Changes in percentage of Treg cells after one cycle of sunitinib treatment. PBMCs were stained for Treg cells (CD3+CD4+CD25+hi and CD3+CD4+CD25+FoxP3+) before treatment and after one and two cycles of sunitinib therapy. The data are presented as the percentage of Treg cells in the CD4+ population. Columns, mean; bars, SE. Below are the median and range for the CD4+CD25+hi T cells with and without FoxP3. The median plus the range for Treg cells at pretreatment and day 28 are as follows: cycle 1: % CD3+CD4+CD25+hi (n = 32): pretreatment, median, 4.1; range, 1.5 to 9.2; day 28, median, 2.9; range, 1.0 to 10.0; % CD3+CD4+CD25+hiFoxP3+ (n = 32): pretreatment, median, 2.7; range, 0.5 to 8.2; day 28, median, 2.0; range, 0.4 to 9.5.

Fig. 3.

Changes in percentage of Treg cells after one cycle of sunitinib treatment. PBMCs were stained for Treg cells (CD3+CD4+CD25+hi and CD3+CD4+CD25+FoxP3+) before treatment and after one and two cycles of sunitinib therapy. The data are presented as the percentage of Treg cells in the CD4+ population. Columns, mean; bars, SE. Below are the median and range for the CD4+CD25+hi T cells with and without FoxP3. The median plus the range for Treg cells at pretreatment and day 28 are as follows: cycle 1: % CD3+CD4+CD25+hi (n = 32): pretreatment, median, 4.1; range, 1.5 to 9.2; day 28, median, 2.9; range, 1.0 to 10.0; % CD3+CD4+CD25+hiFoxP3+ (n = 32): pretreatment, median, 2.7; range, 0.5 to 8.2; day 28, median, 2.0; range, 0.4 to 9.5.

Close modal

However, there was a negative correlation between the decrease in Treg cells from pretreatment to day 28 of cycle 1 or 2 and the increase in IFNγ-producing CD4+ T cells from pretreatment to cycle 2 (n = 14, r = −0.64, P = 0.01 in both cases; Fig. 4). A similar negative correlation was observed between the percentage of Treg cells at end of cycle 1 (and cycle 2) and the IFNγ response of the total T-cell (CD3+) population at cycle 2 (n = 14, r = −0.66, P = 0.01 and r = −0.70, P = 0.005, respectively; data not shown). These findings are consistent with the possibility that the greater the reduction of Treg cells following one to two cycles of sunitinib treatment, the stronger the type-1 response is after two cycles of treatment.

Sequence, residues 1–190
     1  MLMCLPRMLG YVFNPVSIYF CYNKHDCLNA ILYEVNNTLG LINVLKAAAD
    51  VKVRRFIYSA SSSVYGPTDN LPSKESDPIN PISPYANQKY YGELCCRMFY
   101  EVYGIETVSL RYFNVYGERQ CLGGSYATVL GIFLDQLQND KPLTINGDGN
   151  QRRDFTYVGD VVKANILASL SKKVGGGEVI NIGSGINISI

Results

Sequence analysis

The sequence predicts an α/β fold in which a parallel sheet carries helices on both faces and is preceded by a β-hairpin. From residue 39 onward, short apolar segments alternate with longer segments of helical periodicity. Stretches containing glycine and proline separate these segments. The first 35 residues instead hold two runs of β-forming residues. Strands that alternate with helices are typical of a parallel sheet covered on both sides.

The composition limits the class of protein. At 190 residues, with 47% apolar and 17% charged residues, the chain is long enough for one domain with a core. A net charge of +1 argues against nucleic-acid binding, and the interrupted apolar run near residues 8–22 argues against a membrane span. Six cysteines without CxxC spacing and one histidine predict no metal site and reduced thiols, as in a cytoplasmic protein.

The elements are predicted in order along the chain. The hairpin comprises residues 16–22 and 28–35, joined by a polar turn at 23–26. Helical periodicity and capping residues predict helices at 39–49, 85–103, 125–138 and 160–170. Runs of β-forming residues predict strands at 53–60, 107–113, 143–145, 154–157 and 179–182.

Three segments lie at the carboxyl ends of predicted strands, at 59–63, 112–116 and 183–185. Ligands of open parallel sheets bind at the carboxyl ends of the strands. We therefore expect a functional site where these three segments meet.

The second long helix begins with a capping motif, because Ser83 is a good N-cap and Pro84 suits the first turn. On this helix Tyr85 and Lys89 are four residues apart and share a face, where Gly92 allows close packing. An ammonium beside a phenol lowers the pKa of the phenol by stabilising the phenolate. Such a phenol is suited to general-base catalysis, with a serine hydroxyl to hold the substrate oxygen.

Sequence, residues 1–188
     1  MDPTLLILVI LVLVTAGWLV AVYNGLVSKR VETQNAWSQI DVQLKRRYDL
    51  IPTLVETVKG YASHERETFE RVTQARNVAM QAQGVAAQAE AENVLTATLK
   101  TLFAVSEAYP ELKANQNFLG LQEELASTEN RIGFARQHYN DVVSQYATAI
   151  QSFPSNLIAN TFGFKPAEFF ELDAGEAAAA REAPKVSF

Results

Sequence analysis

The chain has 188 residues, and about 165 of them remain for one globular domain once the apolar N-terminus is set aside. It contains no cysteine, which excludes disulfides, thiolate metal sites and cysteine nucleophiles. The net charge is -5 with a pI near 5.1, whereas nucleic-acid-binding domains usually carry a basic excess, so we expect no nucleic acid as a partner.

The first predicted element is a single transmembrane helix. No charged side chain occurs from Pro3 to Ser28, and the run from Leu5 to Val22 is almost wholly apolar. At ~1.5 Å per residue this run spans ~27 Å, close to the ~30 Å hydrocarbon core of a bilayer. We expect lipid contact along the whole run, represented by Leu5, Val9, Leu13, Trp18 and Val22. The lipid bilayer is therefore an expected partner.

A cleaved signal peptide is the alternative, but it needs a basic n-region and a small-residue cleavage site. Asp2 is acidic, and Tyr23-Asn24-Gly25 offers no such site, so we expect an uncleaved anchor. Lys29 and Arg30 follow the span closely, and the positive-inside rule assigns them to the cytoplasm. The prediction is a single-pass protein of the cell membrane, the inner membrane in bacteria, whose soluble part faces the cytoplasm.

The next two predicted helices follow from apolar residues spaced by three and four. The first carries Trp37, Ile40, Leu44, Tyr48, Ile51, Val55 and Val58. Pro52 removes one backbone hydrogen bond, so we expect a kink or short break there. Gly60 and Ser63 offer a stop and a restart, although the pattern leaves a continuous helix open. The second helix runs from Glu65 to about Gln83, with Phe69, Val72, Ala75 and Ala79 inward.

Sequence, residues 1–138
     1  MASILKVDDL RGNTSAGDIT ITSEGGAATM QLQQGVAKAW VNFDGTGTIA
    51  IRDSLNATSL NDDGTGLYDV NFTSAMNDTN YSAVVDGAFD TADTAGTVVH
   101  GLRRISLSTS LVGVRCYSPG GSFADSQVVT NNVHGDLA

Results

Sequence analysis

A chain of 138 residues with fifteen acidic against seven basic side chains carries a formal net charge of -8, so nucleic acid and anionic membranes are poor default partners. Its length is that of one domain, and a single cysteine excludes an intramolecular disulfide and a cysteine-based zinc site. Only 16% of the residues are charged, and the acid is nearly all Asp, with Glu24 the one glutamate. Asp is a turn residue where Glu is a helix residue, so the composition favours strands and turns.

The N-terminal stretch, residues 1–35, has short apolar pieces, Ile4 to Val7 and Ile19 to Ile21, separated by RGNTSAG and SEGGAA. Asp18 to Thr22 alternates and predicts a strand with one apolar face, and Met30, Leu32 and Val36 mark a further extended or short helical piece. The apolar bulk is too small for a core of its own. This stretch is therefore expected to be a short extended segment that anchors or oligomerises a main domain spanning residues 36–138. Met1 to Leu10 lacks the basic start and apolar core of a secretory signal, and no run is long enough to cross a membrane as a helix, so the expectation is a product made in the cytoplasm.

Fig. 4.

Decrease in Treg cells correlates with an increase in IFNγ-producing T cells after two cycles of sunitinib treatment. To assess whether a correlation existed between Treg cells and type-1 T-cell response, PBMCs from mRCC patients receiving one (n = 32) or two (n = 14) cycles of sunitinib were tested for changes in the percentage of Treg cells and for changes in IFNγ as well as IL-4 production. A negative correlation was observed between the change in the % of Treg cells (CD25+hiFoxP3+) from pretreatment to day 28 of cycle 1 and a change in IFNγ-producing T cells (CD3+CD4+) from pretreatment to day 28 of cycle 2 (n = 14, r = −0.64, P = 0.01). Similar correlations were observed between the following: CD25+hiFoxP3+ T cells and all T cells (CD3+) producing IFNγ (n = 14, r = −0.66, P = 0.01), CD4+CD25+hi T cells and all T cells (CD3+) producing IFNγ (n = 14, r = −0.66, P = 0.01), and CD4+CD25+hi T cells and CD3+CD4+ T cells producing IFNγ (n = 14, r = −0.63, P = 0.02).

Fig. 4.

Decrease in Treg cells correlates with an increase in IFNγ-producing T cells after two cycles of sunitinib treatment. To assess whether a correlation existed between Treg cells and type-1 T-cell response, PBMCs from mRCC patients receiving one (n = 32) or two (n = 14) cycles of sunitinib were tested for changes in the percentage of Treg cells and for changes in IFNγ as well as IL-4 production. A negative correlation was observed between the change in the % of Treg cells (CD25+hiFoxP3+) from pretreatment to day 28 of cycle 1 and a change in IFNγ-producing T cells (CD3+CD4+) from pretreatment to day 28 of cycle 2 (n = 14, r = −0.64, P = 0.01). Similar correlations were observed between the following: CD25+hiFoxP3+ T cells and all T cells (CD3+) producing IFNγ (n = 14, r = −0.66, P = 0.01), CD4+CD25+hi T cells and all T cells (CD3+) producing IFNγ (n = 14, r = −0.66, P = 0.01), and CD4+CD25+hi T cells and CD3+CD4+ T cells producing IFNγ (n = 14, r = −0.63, P = 0.02).